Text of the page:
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Copper plating any advice on the jig


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You might give some consideration to giving the "bolt heads" a pass.

They were more like nails and are not seen from a distance that is not that far away.  They are not proud, rather flush or a slight dent.

Most of the hulls with bumps remind me of an old picture of a severe case of smallpox in someone with an incompetent immune system.

Individual plates from a copper sheet?   On a piece of safety glass - score with a very sharp #11 blade moving along a steel straight edge.

Snap along the score.

Attaching the copper can be a problem. 

Old Model Shipways technique called for using a candle to darken the copper and then using Weldwood contact cement.  They did not say to scrub the glue side after flaming it.  What happened is a layer of oxide on the surface that cases the cement bond to fail.  

Treating the copper sheet to a color change before scoring may either leave the other side unaffected or allow for easier process of cleaning it.

I am a long way from actually doing this experiment, but I have it in mind to use archival paper with a smooth surface.  Paint one side with Modern Masters ME205-06 Metallic Antique Copper, before I cut plates, wondering about a  Guillotine Trimmer for the cutting,  attach with bookbinders PVA,  and use  Modern Masters PA901-04 Aging Solution Green Patina in various places.

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I'm not sure of the scale in your case. This is how my 1/50th revenue cutter looks -https://modelshipworld.com/topic/6741-early-19th-century-us-revenue-cutter-by-richardg-artesania-latina-scale-150/page/3/?tab=comments#comment-602068.

 

I used 1/4" copper tape and jigs for the nail impressions. No special tools were used but making the jigs was a little tedious. I can document the process if you want.

 

Richard.

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It's one of those things that is usually shown exaggerated and out of scale. It originated in days before modern adhesives and tiny pins or lengths of wire were used to attach the plates to models. These were already more visible than the real thing. Look at photos of the actual Victory or Cutty Sark, and you'll barely see tiny dimples. It is better to forget about them on scale models, really.

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This topic seems to pop up over and over again. A search through the various building logs might be useful ...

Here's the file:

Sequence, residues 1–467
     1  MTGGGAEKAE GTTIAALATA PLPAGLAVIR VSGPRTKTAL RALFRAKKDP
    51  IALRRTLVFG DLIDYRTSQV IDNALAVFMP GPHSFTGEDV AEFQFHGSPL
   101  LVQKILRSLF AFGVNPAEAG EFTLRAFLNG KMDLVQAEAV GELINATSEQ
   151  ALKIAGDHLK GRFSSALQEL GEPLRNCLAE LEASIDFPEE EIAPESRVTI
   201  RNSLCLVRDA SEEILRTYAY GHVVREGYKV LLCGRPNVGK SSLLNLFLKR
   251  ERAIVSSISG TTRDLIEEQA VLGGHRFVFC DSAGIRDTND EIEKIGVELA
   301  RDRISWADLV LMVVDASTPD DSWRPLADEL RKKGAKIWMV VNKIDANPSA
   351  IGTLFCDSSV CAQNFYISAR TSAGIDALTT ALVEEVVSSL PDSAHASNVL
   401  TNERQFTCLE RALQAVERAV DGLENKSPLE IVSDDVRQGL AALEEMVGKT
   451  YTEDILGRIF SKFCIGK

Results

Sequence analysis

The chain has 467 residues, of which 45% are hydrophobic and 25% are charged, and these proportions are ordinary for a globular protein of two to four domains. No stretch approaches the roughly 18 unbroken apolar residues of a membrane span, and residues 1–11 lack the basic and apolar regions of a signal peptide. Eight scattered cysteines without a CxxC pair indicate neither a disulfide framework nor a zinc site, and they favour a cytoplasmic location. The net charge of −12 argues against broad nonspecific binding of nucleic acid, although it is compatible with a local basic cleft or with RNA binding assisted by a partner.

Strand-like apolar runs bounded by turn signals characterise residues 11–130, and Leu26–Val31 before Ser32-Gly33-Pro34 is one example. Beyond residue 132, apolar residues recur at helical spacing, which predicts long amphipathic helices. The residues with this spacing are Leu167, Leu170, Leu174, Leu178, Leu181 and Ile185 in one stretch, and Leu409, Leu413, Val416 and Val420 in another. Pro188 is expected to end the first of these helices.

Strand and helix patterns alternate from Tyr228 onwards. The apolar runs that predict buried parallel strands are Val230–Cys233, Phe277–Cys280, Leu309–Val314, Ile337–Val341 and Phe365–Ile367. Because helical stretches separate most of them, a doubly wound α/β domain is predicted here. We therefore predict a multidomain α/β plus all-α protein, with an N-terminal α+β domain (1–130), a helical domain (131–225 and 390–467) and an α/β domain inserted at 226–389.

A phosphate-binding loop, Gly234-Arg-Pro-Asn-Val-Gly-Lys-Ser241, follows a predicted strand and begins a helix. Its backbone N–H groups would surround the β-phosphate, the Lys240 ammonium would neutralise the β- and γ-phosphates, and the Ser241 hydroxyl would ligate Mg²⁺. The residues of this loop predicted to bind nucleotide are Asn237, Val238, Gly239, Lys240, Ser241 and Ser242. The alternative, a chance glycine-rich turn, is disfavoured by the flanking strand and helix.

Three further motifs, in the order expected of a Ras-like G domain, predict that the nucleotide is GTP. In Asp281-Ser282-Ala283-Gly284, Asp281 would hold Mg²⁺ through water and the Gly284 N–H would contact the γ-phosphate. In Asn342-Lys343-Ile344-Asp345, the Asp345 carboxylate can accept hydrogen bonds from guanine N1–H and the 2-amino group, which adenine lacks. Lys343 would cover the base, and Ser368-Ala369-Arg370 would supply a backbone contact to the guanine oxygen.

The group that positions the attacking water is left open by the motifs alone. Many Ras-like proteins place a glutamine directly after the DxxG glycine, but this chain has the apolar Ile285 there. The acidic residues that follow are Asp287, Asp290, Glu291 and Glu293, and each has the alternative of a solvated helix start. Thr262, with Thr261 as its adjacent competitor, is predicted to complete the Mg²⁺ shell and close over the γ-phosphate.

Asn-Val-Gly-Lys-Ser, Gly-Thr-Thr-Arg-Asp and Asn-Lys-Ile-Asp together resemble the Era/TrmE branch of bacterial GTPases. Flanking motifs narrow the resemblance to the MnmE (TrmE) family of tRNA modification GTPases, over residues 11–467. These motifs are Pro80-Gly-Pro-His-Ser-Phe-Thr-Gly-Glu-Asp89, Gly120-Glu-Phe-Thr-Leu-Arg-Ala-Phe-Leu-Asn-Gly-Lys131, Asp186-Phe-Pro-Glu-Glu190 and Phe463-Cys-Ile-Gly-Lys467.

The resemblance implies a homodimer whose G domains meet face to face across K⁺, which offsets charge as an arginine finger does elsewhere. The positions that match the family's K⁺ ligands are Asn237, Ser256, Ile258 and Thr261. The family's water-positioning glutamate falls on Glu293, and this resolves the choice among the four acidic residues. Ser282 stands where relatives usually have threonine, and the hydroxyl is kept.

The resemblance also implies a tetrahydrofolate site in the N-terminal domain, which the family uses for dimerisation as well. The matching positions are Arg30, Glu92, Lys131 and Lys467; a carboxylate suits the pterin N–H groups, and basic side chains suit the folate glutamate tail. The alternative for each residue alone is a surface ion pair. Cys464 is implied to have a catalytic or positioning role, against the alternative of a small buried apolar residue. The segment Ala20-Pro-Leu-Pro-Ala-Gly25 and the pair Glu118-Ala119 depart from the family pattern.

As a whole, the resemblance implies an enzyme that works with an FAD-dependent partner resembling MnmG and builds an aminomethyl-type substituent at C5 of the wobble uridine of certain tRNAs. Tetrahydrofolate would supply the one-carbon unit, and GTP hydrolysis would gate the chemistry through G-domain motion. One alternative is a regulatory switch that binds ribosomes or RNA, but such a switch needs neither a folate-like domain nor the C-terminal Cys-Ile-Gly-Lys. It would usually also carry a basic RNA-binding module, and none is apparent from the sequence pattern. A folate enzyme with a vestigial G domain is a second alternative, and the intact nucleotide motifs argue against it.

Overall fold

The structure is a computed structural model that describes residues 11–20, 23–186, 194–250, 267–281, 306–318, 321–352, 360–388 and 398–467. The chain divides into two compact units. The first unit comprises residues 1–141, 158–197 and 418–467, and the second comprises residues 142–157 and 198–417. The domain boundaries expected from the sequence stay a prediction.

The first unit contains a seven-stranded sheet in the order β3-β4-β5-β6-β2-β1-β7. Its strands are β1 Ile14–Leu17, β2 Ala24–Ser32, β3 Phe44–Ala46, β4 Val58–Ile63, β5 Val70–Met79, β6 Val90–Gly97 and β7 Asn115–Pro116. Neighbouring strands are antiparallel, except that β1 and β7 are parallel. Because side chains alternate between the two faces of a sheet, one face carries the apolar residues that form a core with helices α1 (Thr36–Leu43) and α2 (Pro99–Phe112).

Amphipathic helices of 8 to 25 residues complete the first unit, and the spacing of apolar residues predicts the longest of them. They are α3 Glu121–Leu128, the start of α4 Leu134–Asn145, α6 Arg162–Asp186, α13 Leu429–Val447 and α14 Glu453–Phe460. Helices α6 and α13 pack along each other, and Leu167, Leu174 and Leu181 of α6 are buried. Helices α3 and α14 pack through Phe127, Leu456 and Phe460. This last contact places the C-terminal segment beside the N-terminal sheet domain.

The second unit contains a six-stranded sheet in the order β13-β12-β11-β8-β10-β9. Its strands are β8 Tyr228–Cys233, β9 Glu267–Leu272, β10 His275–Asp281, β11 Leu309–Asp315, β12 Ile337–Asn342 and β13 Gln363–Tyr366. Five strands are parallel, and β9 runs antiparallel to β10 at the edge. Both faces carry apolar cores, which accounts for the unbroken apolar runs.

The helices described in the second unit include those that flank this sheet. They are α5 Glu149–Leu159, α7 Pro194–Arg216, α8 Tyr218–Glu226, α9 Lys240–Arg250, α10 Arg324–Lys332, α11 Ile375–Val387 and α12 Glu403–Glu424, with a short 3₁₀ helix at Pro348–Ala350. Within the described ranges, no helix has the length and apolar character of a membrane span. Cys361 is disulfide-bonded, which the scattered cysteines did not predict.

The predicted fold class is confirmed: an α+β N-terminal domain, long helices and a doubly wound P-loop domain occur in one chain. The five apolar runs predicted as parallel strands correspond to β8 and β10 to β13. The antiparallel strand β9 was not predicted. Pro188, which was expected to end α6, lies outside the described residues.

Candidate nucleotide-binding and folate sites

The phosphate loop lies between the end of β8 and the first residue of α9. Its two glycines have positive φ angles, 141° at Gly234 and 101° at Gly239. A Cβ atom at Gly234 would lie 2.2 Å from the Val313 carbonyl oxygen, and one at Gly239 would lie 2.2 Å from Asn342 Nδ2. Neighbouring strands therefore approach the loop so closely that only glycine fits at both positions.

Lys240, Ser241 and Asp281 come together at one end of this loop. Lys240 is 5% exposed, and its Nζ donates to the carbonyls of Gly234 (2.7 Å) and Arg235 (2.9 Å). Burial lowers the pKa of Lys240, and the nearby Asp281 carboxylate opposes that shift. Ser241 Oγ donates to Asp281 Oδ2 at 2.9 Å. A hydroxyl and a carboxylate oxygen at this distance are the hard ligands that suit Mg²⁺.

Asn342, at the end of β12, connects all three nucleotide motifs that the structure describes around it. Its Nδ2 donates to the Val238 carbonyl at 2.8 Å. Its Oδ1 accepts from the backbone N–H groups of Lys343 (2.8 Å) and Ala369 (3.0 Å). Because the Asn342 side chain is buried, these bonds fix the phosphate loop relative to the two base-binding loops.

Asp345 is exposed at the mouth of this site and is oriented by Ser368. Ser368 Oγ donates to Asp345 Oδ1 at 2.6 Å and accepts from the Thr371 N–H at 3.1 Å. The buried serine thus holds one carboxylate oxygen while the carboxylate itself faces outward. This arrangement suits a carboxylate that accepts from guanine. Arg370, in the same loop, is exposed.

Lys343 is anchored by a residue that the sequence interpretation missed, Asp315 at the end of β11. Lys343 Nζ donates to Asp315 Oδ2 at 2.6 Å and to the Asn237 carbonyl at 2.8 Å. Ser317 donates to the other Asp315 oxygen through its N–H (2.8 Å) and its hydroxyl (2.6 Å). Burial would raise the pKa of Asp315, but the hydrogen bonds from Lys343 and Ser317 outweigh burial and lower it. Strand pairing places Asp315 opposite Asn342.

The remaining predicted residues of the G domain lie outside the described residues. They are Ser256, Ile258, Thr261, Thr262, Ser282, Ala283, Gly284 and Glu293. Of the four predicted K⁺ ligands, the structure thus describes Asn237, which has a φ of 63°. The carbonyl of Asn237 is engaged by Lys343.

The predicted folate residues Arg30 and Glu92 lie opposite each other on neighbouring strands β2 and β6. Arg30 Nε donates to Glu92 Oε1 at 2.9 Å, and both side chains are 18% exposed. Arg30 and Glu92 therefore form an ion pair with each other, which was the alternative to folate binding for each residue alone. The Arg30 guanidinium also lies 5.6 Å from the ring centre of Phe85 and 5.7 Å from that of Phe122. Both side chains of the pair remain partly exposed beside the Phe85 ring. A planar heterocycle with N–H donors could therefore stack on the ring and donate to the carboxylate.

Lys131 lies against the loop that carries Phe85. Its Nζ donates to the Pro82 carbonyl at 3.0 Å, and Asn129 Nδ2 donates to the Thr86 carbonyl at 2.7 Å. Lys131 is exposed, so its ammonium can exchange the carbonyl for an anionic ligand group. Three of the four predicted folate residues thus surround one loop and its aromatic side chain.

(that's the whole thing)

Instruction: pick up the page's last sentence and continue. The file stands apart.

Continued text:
As druxey said, the 'dimples' are barely visible on the real ship from a view metres away. They are, however, one of those details that, when left off, may make the coppering look rather sterile. On the real thing you can see that there is something, but you can't really tell what it is, when you are some distance away.

 

What you can do depends very much on the scale you are working in. In scales of 1:48 or above, I would perhaps imprint lightly the nailing into the copper sheet using a copying wheel (sewing supplies) and then flatten them again from the back with a round piece of hard wood. This gives you quite realistic 'dimples' that are not proud of the surface.

 

There are very thin copper adhesive strips where you may use the same technique for even smaller scales. I have used them for rivetted plates, but not for copper sheathing yet using the above technique.

 

Always use a glue that sets by evaporating the solvent, i.e. contact cement, and not something that polymerises, i.e. CA cement. Copper ions can inhibit the polymerisation. Also CA can react with the oxide film on copper, leaving bright spots, and it is difficult to remove excess cement. Excess contact cement can usually be wiped off with a solvent.

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I used the self adhesive copper tape on the Charles Morgan 1/2X1/4 in. with overlaps on all 4 sides -with I think, good results and no need for "dimples". The tape can be purchased in variety widths and colours. I used copper plates on the Diane and Agamemnon, more difficult ,gluing and cutting, but felt the larger scale needed it. It requires careful cleaning up to avoid patchy "ageing" . The Dane I left  to age by itself, the Aggie ( after much research) I decided to treat with urine applied carefully by brush. After 3 years the result looks the same (ps luckily MY urine because once I forgot not to lick the brush)

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Then, because I don't like shiny copper.....and I wanted a real muntz metal oxidized look...I weather it.   The real muntz metal was yellow..new, but when oxidized turned brown.  Note the old Cutty Sark bottom.